On The Road Again

In March of each year, hundreds of space and astronomy enthusiasts converge on Curtin University for the annual Astrofest for an evening of talks, displays and sky viewing through the many telescopes brought along by astronomical organisations. However, the vast distances in WA mean that many regional space enthusiasts can’t make the event. As such, regional astronomy groups now hold their own Astrofest events.

The POVG was asked if they could participate in two regional Astrofests in Geraldton and Carnarvon on the 27th and 28th of May respectively. Lured by the promise of dark skies, fellow POVG volunteer Matt Woods and I packed a van with telescopes and headed north.

Matt Woods (left) and John Ford setting up for the Geraldton Astrofest. Image Credit: Carol Redford

The Geraldton Astrofest, held on 28th May, was hosted by Ken Lawson of the Geraldton Astronomical Society. The actual venue was 35 km north of Geraldton at the Chapman Valley Fishing Park, away from the lights of the main town. As well as the POVG, there were participants from ICRAR and the Stargazers Club of WA.

The night was perfectly clear, and soon shuttle buses from Geraldton brought several keen stargazers to the site. The inky blackness of the sky made viewing an absolute delight. Star clusters and constellations, difficult to see in light-polluted areas, stood out clearly to the unaided eye. Visitors enjoyed views of Jupiter, Saturn, Omega Centauri and the Tarantula Nebula through our telescopes.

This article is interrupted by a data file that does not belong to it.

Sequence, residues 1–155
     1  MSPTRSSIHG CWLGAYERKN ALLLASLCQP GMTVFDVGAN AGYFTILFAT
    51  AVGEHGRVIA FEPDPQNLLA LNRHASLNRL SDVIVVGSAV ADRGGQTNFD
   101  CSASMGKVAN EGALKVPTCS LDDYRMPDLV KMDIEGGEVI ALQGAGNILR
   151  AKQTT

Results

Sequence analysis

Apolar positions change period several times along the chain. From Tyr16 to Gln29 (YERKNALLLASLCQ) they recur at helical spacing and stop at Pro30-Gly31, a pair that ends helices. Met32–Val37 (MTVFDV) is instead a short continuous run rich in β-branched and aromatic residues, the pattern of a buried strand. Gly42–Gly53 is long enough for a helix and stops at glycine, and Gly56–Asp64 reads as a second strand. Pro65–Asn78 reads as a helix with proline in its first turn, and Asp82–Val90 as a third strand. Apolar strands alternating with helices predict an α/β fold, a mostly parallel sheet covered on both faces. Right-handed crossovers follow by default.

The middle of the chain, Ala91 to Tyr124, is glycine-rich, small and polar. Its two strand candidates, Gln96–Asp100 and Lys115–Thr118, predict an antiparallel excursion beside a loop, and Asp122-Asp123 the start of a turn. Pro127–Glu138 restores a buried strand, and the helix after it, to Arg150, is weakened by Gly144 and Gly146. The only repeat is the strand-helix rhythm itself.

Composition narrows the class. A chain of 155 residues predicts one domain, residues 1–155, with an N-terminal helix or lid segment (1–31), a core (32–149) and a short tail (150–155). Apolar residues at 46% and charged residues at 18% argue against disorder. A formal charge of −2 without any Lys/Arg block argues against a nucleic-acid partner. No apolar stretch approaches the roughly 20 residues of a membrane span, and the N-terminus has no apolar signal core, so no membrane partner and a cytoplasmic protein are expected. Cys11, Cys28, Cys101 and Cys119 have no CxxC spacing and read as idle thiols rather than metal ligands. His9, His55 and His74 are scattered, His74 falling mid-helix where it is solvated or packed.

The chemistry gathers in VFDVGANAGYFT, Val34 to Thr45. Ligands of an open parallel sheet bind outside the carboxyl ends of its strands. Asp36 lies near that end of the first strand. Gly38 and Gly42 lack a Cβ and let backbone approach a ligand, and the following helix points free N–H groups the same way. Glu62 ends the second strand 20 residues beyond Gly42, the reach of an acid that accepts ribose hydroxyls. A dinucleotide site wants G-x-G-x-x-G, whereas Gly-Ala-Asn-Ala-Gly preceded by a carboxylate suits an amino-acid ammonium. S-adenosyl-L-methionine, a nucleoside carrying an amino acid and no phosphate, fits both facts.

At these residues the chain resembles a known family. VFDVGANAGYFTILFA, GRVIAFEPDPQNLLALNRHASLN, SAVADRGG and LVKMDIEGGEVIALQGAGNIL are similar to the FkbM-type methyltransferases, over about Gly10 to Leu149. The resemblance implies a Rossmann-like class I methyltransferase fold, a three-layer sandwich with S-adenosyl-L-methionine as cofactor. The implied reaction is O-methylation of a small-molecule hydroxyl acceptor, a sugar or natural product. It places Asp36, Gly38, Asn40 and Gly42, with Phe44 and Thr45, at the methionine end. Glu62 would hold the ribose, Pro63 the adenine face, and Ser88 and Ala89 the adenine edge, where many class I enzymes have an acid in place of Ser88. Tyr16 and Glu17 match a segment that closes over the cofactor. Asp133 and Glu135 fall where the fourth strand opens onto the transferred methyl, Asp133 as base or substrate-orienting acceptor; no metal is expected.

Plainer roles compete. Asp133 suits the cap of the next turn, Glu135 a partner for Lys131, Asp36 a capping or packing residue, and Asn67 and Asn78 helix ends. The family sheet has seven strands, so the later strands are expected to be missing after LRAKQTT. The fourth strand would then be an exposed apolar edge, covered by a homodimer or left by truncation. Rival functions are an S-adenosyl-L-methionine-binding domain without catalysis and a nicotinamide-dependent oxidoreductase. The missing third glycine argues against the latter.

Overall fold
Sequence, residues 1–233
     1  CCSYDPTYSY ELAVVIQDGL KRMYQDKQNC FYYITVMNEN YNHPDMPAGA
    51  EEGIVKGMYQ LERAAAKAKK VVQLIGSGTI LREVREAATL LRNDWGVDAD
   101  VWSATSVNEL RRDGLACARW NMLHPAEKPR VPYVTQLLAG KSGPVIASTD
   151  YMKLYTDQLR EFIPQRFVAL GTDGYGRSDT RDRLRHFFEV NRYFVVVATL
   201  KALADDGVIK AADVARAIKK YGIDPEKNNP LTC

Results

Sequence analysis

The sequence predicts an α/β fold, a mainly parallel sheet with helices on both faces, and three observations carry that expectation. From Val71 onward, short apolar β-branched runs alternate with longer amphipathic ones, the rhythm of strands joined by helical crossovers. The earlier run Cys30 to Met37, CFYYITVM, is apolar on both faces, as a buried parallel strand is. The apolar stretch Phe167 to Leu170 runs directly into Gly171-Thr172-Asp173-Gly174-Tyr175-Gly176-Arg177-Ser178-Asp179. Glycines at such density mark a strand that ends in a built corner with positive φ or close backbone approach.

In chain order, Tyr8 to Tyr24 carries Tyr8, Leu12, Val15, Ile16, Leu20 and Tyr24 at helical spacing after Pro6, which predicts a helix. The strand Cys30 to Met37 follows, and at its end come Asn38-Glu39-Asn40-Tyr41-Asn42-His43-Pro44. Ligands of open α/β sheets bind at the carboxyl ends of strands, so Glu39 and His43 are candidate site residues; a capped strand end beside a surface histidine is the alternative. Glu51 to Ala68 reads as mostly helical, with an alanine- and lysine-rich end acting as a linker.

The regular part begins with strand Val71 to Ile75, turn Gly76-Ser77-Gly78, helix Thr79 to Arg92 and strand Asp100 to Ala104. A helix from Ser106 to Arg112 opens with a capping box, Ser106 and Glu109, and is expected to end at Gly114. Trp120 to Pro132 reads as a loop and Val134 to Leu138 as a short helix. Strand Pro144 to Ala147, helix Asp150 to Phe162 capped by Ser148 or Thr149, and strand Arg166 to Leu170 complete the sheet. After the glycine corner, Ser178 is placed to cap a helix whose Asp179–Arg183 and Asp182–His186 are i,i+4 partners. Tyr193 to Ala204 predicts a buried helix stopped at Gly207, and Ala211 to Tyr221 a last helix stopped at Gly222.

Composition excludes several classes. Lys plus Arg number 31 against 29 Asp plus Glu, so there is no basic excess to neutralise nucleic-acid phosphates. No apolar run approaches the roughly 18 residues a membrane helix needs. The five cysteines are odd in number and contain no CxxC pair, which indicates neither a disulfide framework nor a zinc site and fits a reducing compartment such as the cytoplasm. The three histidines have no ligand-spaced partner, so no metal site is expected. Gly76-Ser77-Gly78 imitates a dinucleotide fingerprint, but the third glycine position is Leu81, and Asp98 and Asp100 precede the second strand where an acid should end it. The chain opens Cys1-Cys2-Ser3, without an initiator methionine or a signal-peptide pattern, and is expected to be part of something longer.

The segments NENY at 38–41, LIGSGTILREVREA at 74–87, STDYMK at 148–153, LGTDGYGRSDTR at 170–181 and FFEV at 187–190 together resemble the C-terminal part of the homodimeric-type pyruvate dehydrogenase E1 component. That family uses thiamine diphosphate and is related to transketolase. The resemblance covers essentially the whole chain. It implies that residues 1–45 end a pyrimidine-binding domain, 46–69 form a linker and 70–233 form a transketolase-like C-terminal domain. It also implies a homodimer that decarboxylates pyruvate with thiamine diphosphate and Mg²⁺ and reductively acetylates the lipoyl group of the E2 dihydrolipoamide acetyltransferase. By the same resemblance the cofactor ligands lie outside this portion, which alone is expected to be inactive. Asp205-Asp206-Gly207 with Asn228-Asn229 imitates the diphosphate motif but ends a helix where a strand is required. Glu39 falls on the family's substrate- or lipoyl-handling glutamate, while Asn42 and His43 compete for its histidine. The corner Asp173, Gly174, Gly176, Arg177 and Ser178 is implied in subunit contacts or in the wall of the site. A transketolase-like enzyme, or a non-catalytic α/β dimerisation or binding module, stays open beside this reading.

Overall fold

After the general public left, many of the participants stayed on to take advantage of the exceptional viewing conditions to look at some of the fainter deep sky objects such as Centaurus A and M 83, and even comet Johnson. Alas, we couldn’t stay all night, as the following day required another 4-hour drive north to Carnarvon.

The 30m OTC satellite dish at Carnarvon. Image Credit: Matt Woods

The town of Carnarvon is a real surprise packet for the space travel enthusiast. By virtue of being very close to the opposite side of the Earth to the launch site of Cape Canaveral, the spacecraft launched from there would all pass over the Australian coast close to Carnarvon. This made it a natural choice for one of NASA’s important tracking stations for the Gemini, Apollo and Skylab missions. During the height of the space program in the 1960s, Carnarvon was visited by a who’s who of the NASA space program including Original 7 astronauts Alan Shepard and Wally Schirra and future Apollo 12 commander Pete Conrad.

In recent times, moonwalking astronauts Buzz Aldrin and Gene Cernan and Australian astronaut Andy Thomas have also visited the town. The Carnarvon Astrofest was held at the Carnarvon Space and Technology Museum on 29th May, under the expanse of the 30m OTC satellite dish that formed part of the tracking facility. Some lighting had to be used around the area for safety, however, the visitors still had great views of Jupiter and Saturn, and the elevated location gave a wonderful view of the setting waxing crescent moon, with the side lighting highlighting the craters, mountains and valleys.

The following day the museum owner Phil Youd and his staff gave us a tour of the museum, which had a fascinating collection of technology used during the NASA years, as well as an Apollo capsule simulator which gave a realistic experience of take-off on a Saturn V rocket. Again our fun had to be cut short, as we had to make the 9-hour trip back to Perth that day.

We would like to thanks Ken Lawson of the Geraldton Astronomical Society and Phil Youd and his staff and the Carnarvon Space and Technology Museum for their invitation to their astronomy nights and their hospitality.